Norovirus sweeps US university
More than 100 people have fallen ill with norovirus at Georgetown University in the States, but how the virus outbreak began is unknown.
One hundred and eighty-four people have fallen ill at Georgetown University with symptoms consistent with norovirus.
The report of gastrointestinal illness was first announced by the University on 21 September after 12 students on the main campus fell ill. At the time, it was unknown was the illness was, with the University issuing a warning around a national Salmonella outbreak that had been reported by officials. Two testing samples have now confirmed the cause as norovirus.
However, according to a report from Washington Post, it remains a mystery as to how the virus started. The virus has impacted both students and staff; as the number of cases rose, the university enacted more and more measures, including the sanitisation of “high-touch areas” in residence halls, academic buildings and dining spaces, as well as the rooms of affected individuals. The university also provided a quarantine meal delivery service and has been working closely with DC Health since the outbreak began.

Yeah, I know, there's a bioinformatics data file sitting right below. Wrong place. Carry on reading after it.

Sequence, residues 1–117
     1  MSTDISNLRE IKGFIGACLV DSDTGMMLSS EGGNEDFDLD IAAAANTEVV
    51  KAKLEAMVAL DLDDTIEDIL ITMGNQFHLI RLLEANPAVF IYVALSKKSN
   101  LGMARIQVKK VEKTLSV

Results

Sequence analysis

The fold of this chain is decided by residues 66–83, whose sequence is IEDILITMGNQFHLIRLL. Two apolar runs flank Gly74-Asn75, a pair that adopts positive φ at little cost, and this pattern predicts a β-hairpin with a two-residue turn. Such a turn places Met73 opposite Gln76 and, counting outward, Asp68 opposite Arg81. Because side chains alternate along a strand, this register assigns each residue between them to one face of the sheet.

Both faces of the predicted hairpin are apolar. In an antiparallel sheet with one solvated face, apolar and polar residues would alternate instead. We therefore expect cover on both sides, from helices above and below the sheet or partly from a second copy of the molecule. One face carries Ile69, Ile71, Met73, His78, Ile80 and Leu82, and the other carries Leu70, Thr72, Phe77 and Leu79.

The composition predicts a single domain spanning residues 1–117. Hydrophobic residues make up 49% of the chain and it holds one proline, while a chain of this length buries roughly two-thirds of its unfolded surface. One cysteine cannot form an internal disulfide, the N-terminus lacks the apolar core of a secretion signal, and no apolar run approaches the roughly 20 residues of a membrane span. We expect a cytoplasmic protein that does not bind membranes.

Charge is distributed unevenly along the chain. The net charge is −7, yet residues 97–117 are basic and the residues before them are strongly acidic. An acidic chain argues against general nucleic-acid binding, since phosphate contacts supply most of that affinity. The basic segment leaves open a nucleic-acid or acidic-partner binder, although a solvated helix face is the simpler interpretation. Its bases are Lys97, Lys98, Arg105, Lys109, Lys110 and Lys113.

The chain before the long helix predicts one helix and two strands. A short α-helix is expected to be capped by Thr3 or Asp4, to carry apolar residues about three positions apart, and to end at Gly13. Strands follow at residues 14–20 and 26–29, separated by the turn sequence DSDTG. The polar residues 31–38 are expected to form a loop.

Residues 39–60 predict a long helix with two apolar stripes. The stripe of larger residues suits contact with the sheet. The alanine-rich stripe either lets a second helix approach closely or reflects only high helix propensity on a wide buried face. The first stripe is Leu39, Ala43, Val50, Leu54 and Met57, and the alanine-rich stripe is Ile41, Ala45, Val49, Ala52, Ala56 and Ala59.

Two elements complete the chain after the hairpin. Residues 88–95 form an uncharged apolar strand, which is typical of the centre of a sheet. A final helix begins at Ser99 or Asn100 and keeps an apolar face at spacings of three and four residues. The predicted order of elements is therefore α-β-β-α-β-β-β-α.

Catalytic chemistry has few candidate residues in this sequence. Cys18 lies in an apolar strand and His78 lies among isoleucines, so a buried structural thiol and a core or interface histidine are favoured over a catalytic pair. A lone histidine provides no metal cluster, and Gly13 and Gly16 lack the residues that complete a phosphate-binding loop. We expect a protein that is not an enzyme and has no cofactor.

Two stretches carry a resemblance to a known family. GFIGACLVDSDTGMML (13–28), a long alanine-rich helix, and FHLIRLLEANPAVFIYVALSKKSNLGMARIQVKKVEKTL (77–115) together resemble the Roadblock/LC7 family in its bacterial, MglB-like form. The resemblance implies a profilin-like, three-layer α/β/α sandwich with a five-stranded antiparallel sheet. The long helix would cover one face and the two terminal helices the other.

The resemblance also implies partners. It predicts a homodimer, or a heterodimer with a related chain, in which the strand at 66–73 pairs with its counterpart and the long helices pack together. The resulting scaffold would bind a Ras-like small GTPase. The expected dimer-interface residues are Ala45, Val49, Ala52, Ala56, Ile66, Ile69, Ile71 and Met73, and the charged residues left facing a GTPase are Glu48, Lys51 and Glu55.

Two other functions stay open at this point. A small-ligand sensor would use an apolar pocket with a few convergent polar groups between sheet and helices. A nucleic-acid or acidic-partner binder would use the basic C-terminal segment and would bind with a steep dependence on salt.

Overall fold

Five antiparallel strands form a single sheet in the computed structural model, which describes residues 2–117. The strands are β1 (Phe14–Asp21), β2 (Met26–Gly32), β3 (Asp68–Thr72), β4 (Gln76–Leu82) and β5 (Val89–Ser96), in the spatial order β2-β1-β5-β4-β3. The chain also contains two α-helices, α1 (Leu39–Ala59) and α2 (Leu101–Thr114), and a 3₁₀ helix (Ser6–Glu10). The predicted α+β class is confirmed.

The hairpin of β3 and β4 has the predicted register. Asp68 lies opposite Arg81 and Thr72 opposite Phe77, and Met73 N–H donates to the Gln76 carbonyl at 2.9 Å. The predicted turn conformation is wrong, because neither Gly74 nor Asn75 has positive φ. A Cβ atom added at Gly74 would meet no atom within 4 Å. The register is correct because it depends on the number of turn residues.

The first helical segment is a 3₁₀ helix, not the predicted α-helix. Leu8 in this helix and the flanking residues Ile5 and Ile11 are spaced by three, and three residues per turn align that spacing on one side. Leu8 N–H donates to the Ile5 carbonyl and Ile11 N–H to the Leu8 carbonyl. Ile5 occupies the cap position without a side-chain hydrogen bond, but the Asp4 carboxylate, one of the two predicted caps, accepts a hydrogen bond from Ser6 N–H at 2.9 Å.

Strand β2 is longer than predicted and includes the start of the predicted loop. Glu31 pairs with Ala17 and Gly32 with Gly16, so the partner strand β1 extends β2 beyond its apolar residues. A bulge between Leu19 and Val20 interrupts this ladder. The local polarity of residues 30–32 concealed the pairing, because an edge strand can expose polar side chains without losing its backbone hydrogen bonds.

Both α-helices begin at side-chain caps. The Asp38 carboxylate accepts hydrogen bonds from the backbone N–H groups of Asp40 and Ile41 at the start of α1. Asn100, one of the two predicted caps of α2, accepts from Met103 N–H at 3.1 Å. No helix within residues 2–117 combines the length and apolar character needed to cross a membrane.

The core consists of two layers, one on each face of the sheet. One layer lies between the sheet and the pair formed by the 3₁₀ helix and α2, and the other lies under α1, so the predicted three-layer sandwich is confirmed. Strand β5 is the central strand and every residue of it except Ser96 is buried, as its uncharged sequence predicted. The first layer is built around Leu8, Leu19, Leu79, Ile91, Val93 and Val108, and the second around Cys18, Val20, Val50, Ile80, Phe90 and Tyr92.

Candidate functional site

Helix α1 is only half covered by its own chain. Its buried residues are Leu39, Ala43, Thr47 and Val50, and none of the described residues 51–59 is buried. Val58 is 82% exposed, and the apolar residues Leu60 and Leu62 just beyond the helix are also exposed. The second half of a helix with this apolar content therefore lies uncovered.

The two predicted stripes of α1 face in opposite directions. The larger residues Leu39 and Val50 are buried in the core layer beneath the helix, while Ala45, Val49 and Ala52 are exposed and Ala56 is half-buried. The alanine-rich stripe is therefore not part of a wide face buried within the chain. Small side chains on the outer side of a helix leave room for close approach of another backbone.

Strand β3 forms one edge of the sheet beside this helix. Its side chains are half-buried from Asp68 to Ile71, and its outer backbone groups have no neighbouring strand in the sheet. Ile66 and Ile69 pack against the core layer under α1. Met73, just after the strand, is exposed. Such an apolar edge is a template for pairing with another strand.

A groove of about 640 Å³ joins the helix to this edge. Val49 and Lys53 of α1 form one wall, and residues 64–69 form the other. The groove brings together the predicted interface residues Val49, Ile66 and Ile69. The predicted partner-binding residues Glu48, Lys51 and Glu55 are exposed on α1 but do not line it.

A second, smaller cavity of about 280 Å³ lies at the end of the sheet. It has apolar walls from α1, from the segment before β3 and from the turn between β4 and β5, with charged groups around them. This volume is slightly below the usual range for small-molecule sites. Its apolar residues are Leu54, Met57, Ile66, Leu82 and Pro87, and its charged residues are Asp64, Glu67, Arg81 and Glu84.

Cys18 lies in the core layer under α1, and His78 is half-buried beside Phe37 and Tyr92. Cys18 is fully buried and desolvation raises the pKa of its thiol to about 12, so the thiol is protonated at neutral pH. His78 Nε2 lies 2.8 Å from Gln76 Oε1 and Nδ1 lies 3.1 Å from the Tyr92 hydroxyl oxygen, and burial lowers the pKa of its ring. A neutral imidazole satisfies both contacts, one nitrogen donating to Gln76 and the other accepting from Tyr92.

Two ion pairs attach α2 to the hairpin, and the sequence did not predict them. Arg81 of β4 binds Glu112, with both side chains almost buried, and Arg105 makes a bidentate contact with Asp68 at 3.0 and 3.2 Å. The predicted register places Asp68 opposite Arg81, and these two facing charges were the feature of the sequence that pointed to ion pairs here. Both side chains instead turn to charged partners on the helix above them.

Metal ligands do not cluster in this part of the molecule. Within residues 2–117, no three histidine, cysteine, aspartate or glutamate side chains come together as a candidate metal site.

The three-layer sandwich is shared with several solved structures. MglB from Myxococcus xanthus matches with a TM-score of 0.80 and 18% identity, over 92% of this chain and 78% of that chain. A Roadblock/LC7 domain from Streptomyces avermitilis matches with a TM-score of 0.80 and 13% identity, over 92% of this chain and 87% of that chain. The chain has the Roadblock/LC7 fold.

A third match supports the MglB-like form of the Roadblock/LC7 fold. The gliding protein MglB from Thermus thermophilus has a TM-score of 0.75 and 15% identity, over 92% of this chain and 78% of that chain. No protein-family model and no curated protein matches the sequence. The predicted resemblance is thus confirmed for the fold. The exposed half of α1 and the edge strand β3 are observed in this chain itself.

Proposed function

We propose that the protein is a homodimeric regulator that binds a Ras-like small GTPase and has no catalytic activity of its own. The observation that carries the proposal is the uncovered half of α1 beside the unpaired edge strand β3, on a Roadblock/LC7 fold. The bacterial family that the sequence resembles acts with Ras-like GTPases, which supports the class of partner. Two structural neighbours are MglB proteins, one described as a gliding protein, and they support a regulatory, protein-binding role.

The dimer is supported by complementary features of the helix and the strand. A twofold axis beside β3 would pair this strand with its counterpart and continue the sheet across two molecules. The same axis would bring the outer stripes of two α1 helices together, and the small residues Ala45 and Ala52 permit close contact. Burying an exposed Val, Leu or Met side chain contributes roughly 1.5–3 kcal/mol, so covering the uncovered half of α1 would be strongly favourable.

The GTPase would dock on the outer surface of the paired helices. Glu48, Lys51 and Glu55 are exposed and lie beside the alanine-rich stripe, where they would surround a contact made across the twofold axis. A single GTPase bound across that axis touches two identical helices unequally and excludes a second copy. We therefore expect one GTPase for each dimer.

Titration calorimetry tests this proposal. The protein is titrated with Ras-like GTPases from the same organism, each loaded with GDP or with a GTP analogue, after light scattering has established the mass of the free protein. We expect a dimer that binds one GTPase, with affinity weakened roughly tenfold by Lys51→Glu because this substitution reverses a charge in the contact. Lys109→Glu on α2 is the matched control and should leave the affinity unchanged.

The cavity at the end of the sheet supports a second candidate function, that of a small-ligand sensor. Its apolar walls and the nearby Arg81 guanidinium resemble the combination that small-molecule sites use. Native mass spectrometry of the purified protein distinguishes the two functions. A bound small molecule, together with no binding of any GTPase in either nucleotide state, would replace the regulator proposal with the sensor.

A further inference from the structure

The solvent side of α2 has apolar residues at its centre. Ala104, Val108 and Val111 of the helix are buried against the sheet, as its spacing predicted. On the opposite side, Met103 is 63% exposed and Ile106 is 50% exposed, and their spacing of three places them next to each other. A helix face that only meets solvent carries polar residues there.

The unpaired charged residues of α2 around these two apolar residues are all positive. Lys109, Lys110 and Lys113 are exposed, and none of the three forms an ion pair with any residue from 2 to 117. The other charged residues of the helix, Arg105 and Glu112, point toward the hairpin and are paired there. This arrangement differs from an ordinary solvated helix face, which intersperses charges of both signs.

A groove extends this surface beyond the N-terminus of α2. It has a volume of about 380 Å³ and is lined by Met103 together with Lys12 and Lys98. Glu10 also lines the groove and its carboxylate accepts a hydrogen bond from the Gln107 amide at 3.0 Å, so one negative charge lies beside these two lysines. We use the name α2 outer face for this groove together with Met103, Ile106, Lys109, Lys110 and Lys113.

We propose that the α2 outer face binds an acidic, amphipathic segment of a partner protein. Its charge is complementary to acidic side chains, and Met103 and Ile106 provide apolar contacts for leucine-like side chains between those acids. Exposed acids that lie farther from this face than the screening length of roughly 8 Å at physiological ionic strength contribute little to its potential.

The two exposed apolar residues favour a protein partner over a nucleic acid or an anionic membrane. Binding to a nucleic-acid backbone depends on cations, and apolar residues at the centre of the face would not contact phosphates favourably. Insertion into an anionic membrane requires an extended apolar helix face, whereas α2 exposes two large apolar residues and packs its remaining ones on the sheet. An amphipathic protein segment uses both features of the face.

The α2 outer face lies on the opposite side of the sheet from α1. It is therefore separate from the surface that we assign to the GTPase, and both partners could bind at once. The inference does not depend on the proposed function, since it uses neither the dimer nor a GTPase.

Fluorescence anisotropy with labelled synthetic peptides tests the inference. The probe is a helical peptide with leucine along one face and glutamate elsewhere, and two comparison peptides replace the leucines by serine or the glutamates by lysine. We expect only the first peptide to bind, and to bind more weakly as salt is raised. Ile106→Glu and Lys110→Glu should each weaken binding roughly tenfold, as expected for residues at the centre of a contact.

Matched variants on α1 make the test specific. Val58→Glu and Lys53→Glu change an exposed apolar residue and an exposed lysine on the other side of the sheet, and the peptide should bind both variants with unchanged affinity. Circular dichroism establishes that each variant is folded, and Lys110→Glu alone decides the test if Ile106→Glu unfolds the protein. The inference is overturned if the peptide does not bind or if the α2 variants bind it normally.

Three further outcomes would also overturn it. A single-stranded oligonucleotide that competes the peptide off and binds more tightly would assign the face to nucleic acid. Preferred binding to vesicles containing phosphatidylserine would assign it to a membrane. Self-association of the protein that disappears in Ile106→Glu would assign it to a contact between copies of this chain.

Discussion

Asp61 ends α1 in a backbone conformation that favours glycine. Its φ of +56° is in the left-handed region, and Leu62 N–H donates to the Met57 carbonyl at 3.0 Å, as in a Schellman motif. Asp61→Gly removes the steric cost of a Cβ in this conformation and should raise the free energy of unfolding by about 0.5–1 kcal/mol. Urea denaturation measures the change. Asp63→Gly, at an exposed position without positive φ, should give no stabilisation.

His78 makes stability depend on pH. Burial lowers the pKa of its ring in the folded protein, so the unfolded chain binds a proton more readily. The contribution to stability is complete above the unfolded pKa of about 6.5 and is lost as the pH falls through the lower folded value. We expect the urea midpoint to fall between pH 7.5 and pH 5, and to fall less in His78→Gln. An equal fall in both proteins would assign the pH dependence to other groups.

Norovirus causes inflammation of the stomach or intestines, known as acute gastroenteritis. Symptoms typically develop 12 to 48 hours following exposure to norovirus, with the majority of people getting better within one to three days.
If you have norovirus illness, you can feel extremely ill, and vomit or have diarrhoea many times a day, and this can lead to dehydration.
According to the Centers for Disease Control and Prevention (CDC), norovirus can spread “if you eat food or drink liquids that are contaminated with the norovirus, touch surfaces or objects contaminated with norovirus and then put your fingers in your mouth, or have direct contact with someone who is infected with norovirus.”